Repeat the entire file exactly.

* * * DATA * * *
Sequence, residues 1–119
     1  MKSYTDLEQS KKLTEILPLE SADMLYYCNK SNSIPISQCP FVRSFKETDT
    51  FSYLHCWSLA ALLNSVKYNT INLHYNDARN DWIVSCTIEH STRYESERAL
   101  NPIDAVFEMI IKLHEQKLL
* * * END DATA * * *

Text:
Sequence, residues 1–119
     1  MKSYTDLEQS KKLTEILPLE SADMLYYCNK SNSIPISQCP FVRSFKETDT
    51  FSYLHCWSLA ALLNSVKYNT INLHYNDARN DWIVSCTIEH STRYESERAL
   101  NPIDAVFEMI IKLHEQKLL